Caution About Investing in a Popular Type of ETF
For years, exchange-traded funds, or ETFs, have been a smart way to invest — for the same reason people buy index funds. Traditional ETFs (known as passive ETFs) typically buy a basket of stocks or bonds to track or mirror a market index, while keeping fees low. Lately, though, growing numbers of investors have been putting money into actively managed ETFs or active ETFs. Zacks Investment Research said in a Seeking Alpha post that the number of unleveraged active ETFs has more than doubled between 2013 and 2017.
The Risk of Active ETFs
Problem is, active ETFs may be riskier than you think.
Unlike passive ETFs, actively managed ETFs take a hands-on investing approach. Instead of simply owning and then tracking an index, they typically hire a manager or team of portfolio managers who alter the investments comprising the underlying portfolio, hoping to do better than the index.
In some cases, the actively managed ETFs simply tweak the holdings of the index they follow to deliver specific strategies. This makes them not so much “active” ETFs as “adjusted” ETFs. For example, Vanguard’s smart beta ETFs add criteria to the basic indexes make them value or momentum ETFs.
And some actively managed ETFs seek to create so-called “enhanced” or “intelligent” benchmarks, using quant-based strategies when constructing a portfolio, aiming to outperform traditional indexes that are weighted by capitalization.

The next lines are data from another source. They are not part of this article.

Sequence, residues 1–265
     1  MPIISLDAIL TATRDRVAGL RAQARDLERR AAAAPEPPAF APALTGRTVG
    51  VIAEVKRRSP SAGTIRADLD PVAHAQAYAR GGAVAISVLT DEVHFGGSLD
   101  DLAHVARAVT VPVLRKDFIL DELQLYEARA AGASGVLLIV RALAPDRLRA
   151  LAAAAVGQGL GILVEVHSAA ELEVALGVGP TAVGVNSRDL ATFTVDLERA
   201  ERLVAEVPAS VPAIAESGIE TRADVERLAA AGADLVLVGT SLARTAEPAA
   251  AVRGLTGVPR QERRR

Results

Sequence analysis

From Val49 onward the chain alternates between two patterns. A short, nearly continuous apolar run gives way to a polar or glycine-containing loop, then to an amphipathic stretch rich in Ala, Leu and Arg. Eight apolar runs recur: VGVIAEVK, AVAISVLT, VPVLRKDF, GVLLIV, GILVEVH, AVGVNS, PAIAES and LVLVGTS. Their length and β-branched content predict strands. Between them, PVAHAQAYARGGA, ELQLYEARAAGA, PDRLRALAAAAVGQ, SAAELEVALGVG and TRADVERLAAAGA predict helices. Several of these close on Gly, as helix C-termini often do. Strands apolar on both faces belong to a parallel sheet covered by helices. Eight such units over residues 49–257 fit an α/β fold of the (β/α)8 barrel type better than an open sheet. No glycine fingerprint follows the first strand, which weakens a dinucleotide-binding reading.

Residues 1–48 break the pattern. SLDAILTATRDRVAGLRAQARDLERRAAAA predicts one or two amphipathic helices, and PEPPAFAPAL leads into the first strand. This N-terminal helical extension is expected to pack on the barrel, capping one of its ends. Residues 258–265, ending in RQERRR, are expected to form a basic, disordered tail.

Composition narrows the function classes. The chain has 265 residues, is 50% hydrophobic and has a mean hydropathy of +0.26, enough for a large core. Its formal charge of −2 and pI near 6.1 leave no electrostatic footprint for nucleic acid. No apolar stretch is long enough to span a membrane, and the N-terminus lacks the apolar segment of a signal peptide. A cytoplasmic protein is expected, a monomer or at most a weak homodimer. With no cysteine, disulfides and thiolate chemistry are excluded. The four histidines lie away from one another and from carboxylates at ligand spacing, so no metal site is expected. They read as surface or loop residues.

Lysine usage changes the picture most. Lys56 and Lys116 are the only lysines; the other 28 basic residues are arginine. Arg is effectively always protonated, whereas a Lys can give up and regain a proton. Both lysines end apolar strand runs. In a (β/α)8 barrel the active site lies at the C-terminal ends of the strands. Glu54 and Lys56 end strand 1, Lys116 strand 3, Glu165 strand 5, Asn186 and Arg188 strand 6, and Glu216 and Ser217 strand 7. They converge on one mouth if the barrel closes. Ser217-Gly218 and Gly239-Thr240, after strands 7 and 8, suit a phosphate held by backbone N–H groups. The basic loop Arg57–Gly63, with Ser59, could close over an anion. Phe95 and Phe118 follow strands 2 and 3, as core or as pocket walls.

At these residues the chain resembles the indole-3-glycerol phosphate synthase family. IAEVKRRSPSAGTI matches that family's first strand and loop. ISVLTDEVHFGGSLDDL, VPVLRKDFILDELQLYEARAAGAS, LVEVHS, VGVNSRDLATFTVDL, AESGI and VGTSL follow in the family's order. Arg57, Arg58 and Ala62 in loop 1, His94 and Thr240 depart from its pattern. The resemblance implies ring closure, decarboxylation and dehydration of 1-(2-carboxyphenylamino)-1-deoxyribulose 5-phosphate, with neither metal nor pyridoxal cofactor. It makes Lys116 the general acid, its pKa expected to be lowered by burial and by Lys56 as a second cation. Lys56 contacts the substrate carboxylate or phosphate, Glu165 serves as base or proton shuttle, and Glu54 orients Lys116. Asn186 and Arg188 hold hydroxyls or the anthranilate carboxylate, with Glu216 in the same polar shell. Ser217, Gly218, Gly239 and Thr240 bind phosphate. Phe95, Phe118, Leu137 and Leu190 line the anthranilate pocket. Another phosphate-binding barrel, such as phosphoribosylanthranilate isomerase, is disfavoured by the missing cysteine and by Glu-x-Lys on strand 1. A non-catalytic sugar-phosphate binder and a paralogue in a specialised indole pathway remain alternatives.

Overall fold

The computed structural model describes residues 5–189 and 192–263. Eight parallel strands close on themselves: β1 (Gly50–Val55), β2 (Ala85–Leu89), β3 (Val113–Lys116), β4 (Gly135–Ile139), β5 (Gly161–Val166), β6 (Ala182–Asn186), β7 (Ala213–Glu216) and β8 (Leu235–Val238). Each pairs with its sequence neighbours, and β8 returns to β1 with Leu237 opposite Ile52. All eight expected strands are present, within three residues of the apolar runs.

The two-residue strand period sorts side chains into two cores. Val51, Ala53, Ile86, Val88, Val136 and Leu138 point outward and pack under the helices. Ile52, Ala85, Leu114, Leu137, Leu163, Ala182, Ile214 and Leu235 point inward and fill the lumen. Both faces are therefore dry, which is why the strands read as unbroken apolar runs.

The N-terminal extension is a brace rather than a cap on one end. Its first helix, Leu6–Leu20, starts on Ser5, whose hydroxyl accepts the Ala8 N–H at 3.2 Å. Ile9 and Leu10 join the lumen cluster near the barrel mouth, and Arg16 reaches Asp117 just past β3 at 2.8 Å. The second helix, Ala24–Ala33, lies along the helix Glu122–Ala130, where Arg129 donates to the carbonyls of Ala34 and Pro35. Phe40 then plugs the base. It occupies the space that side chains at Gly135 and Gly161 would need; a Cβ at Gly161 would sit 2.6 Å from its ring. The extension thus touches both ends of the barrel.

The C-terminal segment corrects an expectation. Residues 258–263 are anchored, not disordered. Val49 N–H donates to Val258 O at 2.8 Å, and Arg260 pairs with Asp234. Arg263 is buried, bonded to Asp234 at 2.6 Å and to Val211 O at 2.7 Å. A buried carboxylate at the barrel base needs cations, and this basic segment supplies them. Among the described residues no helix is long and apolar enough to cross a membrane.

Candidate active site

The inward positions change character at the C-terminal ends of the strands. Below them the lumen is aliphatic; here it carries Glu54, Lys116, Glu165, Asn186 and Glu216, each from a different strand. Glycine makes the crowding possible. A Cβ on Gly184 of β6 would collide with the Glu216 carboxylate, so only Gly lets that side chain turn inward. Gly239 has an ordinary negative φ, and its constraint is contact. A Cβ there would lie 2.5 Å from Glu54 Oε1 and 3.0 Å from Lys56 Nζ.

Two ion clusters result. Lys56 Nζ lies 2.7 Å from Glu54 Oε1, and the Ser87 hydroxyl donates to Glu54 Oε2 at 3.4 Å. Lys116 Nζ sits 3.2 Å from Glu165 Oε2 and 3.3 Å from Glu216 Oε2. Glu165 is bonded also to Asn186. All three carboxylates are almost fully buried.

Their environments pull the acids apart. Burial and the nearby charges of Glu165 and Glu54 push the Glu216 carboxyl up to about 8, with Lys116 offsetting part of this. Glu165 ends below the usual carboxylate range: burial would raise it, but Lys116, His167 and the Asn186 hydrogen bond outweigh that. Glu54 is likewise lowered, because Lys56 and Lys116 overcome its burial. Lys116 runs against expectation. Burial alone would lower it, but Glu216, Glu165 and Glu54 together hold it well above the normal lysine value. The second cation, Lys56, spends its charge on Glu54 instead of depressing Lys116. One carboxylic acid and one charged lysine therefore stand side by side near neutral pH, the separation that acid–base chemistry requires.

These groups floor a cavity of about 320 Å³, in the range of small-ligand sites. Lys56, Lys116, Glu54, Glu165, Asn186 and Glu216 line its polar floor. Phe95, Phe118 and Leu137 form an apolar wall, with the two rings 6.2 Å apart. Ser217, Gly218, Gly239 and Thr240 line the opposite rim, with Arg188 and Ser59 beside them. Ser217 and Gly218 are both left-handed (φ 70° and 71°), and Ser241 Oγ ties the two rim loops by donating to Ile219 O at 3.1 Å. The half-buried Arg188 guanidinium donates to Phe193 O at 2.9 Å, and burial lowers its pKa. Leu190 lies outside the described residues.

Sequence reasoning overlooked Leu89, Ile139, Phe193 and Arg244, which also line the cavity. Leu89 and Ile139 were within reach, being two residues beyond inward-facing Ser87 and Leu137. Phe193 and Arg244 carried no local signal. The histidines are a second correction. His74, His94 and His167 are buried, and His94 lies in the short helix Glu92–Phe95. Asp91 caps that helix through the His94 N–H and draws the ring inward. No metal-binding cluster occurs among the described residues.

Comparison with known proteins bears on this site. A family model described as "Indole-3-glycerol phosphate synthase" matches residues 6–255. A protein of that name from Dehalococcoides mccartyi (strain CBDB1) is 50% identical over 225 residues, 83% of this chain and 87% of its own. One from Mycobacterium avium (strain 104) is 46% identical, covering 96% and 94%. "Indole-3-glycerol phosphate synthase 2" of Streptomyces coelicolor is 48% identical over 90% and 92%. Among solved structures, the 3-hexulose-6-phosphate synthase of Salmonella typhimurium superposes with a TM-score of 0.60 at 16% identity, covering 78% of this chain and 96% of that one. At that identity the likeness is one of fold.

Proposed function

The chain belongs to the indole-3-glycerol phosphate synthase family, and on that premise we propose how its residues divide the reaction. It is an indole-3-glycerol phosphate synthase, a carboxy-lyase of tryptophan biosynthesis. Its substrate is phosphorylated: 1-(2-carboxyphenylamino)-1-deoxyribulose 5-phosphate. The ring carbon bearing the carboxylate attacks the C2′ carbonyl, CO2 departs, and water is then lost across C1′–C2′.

What this all means is that actively managed ETFs produce returns that don’t mirror the index — for better or for worse. Their ETFs appeal to investors who aren’t willing to settle for the “average performance” that passive ETFs and index funds offer.
It’s important to remember this, however: Research has shown that actively managed funds tend to underperform their passively managed counterparts over time, especially when fees are taken into account.
If You Are Considering Active ETFs
Nevertheless, if you’re considering investing in an active ETF, look for a manager with an edge of some kind.
This means, your best bets among passive ETFs are alternative investments that usually have a low correlation to the overall stock market. In essence, you’d be looking for ways to hedge against the stock market rather than mimic it. Examples might include actively managed ETFs specializing in small capitalization stocks, international stocks or high-yield bonds.
If you want to mimic the market, however, it might be a good idea to consider passive ETFs rather than buying active ETFs. You may want to work with a good investment adviser to help come up with smart active-investing strategies, identifying opportunities to get the best of both worlds.
The number one thing to avoid when considering an actively managed ETF is one run by poor management. Every actively managed ETF is only as good as the person or people calling the shots.
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